We are designed to survive in an energy-poor environment populated by predators. Every tissue in our body is designed to be economical, not to waste any resources, but at the same time to give us what we need to be able to do the things we need to in order to survive.

Every tissue will adapt to load provided it is given the right environment to recover. If it isn’t, failure can occur.

Any good training programme these days will have elements of periodisation. Load is progressively increased, and then follows a period of lower load to allow recovery and adaptation. Load is then increased further, and the recovery and adaption cycle is repeated.

It is the nature of competitive sport that the season builds to a peak, a pinnacle event, or a final series play-off. A good preparation normally means that you reach these times in your best possible shape, but then success normally means that your body’s most intense physiological load occurs during competition.

The higher the metabolic cost of an activity, the more important the recovery - and this applies both in season and in the off-season.

Recovery can include both active recovery and passive recovery. The most important aspect of recovery is good quality sleep. Sleep is when we switch from catabolic/arousal/survival hormones, to the anabolic/repair/growth and recovery hormones. Training gains and recovery can be assisted by optimal hydration, and nutritional decision making. Good nutrition will mean that you have energy to get the best out of yourself in training and competition, and that you recovery optimally. Nutrition can also have an impact on quality of sleep.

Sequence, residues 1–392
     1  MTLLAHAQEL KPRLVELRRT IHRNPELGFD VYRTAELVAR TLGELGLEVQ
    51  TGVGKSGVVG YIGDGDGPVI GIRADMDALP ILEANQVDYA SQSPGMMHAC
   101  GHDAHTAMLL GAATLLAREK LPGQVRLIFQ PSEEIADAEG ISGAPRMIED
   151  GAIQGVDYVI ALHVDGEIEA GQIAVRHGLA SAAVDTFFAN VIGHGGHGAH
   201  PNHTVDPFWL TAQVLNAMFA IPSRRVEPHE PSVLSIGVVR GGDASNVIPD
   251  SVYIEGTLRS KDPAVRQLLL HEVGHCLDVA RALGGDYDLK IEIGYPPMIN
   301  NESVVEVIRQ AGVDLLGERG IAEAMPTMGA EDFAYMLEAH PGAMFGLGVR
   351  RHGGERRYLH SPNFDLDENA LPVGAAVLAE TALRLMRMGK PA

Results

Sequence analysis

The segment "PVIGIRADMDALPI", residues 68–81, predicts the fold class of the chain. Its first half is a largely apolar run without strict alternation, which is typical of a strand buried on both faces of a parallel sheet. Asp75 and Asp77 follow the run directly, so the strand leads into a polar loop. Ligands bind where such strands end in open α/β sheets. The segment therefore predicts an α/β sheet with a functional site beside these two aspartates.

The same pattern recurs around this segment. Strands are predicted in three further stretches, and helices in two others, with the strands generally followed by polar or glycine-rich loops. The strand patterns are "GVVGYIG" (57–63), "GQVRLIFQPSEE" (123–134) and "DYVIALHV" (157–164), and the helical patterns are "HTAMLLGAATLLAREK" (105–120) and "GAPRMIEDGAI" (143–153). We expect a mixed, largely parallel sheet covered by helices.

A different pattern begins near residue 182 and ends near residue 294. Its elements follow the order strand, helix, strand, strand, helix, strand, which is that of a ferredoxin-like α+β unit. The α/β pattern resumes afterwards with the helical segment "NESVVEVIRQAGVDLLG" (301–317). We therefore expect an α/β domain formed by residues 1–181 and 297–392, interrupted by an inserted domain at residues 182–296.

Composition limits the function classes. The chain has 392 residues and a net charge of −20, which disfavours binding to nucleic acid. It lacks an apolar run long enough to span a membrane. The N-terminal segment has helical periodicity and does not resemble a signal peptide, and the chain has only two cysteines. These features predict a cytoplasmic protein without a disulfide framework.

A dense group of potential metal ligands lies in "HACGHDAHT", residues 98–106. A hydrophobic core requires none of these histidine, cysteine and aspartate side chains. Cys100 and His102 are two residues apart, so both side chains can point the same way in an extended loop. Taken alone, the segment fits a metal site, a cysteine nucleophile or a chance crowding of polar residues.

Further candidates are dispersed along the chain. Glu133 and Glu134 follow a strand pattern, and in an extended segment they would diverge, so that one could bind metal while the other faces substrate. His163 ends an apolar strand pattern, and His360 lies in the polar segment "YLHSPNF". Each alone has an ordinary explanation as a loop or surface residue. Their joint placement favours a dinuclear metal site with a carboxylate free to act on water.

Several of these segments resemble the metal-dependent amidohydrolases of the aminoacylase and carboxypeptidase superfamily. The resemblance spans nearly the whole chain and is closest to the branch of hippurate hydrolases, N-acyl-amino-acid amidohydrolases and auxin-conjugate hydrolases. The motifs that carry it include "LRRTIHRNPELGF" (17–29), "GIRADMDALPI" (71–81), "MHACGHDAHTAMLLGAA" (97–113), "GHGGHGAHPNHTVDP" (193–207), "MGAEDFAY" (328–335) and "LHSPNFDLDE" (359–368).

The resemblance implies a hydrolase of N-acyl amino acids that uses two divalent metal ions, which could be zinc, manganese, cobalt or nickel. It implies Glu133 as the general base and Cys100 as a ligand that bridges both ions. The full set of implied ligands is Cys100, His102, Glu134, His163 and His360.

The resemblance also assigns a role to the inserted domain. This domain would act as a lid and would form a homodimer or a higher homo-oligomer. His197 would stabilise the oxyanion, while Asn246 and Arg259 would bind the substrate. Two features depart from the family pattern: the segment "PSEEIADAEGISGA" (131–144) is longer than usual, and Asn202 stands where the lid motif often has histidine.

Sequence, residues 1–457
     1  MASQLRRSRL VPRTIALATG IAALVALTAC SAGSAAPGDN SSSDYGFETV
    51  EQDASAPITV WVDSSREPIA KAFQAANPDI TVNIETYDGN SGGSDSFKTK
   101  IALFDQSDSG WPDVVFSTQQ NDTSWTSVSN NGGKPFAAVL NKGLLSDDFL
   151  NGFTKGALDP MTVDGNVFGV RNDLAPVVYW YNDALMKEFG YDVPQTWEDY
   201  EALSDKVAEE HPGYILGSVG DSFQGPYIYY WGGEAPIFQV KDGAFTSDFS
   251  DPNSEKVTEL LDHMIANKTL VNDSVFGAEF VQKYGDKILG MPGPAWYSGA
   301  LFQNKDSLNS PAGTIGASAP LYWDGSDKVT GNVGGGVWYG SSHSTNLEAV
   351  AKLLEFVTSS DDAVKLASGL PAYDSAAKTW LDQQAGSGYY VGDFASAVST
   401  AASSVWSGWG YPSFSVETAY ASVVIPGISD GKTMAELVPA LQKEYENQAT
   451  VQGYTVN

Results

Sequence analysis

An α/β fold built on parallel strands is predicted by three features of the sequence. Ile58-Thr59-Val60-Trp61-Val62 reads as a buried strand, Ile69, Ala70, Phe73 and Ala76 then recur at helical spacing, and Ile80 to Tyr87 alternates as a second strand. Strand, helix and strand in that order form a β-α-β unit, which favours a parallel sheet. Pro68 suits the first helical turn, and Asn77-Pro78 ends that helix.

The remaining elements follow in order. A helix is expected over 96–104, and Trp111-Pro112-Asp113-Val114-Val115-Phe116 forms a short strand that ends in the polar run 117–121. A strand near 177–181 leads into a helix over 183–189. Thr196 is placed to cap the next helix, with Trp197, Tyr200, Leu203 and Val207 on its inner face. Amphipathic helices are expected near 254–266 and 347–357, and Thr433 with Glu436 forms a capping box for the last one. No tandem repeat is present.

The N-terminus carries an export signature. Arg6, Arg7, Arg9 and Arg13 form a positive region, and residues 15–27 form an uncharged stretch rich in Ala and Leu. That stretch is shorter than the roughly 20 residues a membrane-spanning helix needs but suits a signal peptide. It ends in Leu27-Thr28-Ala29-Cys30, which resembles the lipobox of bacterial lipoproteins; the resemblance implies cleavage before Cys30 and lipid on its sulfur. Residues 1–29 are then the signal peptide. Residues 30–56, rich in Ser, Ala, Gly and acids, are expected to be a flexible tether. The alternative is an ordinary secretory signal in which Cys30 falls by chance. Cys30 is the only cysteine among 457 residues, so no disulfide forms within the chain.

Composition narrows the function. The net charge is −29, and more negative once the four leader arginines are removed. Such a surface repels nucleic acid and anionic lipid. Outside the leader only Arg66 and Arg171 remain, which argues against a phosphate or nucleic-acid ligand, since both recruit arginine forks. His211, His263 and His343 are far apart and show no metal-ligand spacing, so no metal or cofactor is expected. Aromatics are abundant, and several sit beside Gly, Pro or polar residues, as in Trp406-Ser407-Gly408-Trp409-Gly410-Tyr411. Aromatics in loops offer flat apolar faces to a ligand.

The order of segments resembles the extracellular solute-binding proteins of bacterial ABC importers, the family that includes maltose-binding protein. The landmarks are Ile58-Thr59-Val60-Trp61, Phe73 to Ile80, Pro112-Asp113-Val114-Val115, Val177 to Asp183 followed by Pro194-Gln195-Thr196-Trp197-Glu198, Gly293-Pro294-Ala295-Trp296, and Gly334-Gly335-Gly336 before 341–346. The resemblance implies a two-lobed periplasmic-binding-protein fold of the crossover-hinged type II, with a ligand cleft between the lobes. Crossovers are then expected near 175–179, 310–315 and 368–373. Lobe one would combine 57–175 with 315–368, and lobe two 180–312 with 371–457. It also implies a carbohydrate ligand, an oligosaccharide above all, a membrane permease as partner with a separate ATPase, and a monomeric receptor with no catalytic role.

Different aspects of our physiology can be overloaded and recover at different rates. Dehydration can occur quickly, but hydration can also recover quickly. Energy stores (if nothing was put in the mouth) would be depleted next, but will recover next if appropriate food is consumed in a timely manner. Muscles can fail if enough load is applied in a one-off session, and they repair at a rate that depends on the degree of damage – from hours to days (trauma takes longer). Skin breaks down and recovers at a similar rate – blisters can take days. Bone remodels a little more slowly, but like most other tissues, if it is allowed to adapt, it becomes stronger in response to load. Tendons take longer to fail, and are frustratingly slow to recover.

But there are three related systems that we often overlook in this day and age – the neurological (including autonomic), the endocrine, and the psychological. These systems are very precious and they are designed to help us survive. Survival is a very primitive imperative, and these systems will cut corners, cheat and steal energy when they have to, to help us survive. We weren’t designed to keep walking back into the sabre tooth tigers cave though – we are supposed to fight to get out, find somewhere safe, lick our wounds and sleep it off.

When these systems start to get overloaded, some interesting things happen. Despite training harder and harder, our results start to drop off – we get measurably slower, or weaker, depending on our event. If we push ourselves to train harder things get even worse. We start to get other signs of overload – muscle aches, changes in our resting heart rate, recurrent infections, injuries that don’t recover, poor quality sleep, and still feeling tired when we wake up. We lose the zip and zing that puts the skip in our step – we can become depressed or anxious as well.

To be competitive, to be the best, we need to push the envelope and people justify this by saying things like “If you’re not on the edge, you are taking up too much space”. The problem with living on the edge is that you can’t tell where it is until you cross it. 20/20 hindsight will let you see the line between the leading edge and the bleeding edge, but by then it is too late.

The off-season is important because it gives us time to pull back from the edge. We still need to maintain basic levels of hydration, nutrition, sleep hygiene, fitness, strength and flexibility, because it is much easier to retain your fitness than to regain it - but the off-season is a time for recovery and restoration for all of these systems.

So this year, remember, all things in moderation including moderation – spend time with family and friends, and catch up with the things that you have had to put off in order to reach your in-season goals.

Best wishes for the festive season

By Dr Chris Hanna on